Measuring “impact” is an important aspect of the dissemination of evidence-based practice and relevant to all disciplines. However, it has only recently become a focus of enquiry and is not commonly directly researched within the learning disabilities field. The purpose of this paper is to describe the process of developing a logic model for the UK Positive Behavioural Support (PBS) Academy as part of an evaluation and impact study of its work to date.
Logic models are a visual representation of the relationship between a project’s resources, activities and outputs and identified outcomes, in relation to key stakeholder groups. This representation allows for key impact measures to be identified and can be a useful tool for evaluation purposes. The authors used the process outlined by McLaughlin and Jordan (1998) to develop a bespoke logic model for the PBS Academy.
The model was particularly helpful in making clear the distinction between output and impact, identifying impact criteria differentiated by stakeholder group and across time scales, and highlighting areas of activity that are needed to increase the impact of the work of the PBS Academy in the longer term.
In the absence of any generalised impact evaluation frameworks in the learning disabilities field, the authors suggest that logic models may provide a useful framework for evaluating the impact of policy, practice, and research interventions.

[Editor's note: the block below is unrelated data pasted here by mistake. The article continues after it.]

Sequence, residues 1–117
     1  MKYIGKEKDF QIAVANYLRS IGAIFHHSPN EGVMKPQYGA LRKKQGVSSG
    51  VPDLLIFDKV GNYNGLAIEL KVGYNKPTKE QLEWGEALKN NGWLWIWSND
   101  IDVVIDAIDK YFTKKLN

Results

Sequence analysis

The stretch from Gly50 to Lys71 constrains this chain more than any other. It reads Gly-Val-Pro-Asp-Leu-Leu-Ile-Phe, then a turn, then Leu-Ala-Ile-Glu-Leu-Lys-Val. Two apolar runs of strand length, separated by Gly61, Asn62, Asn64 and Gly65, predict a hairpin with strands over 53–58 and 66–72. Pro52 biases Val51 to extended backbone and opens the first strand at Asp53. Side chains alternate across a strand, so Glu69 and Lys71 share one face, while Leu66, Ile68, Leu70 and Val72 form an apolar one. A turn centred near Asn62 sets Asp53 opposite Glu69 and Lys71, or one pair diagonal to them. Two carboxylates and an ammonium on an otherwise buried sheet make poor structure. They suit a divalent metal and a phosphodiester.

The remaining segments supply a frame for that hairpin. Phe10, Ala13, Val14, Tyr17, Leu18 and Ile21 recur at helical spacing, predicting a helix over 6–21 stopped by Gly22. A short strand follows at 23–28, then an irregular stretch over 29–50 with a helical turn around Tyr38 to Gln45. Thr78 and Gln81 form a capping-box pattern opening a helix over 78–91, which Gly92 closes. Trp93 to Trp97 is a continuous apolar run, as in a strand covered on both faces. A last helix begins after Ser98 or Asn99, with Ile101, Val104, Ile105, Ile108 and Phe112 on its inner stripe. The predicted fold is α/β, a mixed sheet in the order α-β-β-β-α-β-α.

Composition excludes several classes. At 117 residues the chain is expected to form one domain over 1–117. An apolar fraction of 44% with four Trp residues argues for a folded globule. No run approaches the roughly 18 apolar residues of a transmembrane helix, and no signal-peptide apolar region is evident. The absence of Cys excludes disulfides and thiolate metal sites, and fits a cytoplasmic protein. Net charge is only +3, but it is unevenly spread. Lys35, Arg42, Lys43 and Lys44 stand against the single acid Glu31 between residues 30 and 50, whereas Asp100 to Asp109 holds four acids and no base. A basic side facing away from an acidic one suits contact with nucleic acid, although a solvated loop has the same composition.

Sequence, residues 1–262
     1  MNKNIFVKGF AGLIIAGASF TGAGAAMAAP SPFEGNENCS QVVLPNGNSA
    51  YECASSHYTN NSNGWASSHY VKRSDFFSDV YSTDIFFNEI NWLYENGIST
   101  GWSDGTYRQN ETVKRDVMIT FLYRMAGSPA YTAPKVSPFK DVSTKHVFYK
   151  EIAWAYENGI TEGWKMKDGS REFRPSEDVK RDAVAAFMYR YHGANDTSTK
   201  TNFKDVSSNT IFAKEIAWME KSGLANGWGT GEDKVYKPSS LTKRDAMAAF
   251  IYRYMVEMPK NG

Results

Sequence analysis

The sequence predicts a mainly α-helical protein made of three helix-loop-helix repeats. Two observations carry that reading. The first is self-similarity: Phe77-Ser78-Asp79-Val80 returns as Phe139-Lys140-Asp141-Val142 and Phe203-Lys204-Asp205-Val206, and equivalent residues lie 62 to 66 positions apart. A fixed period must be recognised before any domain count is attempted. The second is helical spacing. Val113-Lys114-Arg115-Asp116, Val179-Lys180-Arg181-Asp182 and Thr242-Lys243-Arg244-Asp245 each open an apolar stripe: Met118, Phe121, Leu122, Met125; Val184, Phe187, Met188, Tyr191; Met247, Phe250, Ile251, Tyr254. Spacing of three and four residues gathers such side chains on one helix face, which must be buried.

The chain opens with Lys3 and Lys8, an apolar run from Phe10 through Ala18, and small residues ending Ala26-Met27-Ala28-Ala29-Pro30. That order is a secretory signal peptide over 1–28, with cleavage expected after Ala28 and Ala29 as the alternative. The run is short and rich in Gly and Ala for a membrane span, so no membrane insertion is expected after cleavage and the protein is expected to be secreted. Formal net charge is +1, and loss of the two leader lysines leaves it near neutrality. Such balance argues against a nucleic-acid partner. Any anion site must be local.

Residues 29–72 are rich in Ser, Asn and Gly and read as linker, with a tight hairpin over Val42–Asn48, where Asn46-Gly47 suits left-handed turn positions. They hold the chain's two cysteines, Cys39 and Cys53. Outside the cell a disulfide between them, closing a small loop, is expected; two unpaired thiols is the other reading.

The authors acknowledge the Warwick Economic and Social Research Council (ESRC) Impact Acceleration Account for funding this study (Grant No. ES/M500434/1), members of the PBS Academy, the Challenging Behaviour Foundation (CBF) for their dedicated support and the University of Warwick’s Centre for Educational Development, Appraisal and Research (CEDAR) for administering the project.
Scott, S., Denne, L. and Hastings, R. (2018), "Developing a logic model to guide evaluation of impact for learning disability projects: the case of the Positive Behavioural Support (PBS) Academy", Tizard Learning Disability Review, Vol. 23 No. 3, pp. 125-132. https://doi.org/10.1108/TLDR-10-2017-0038Download as .RIS
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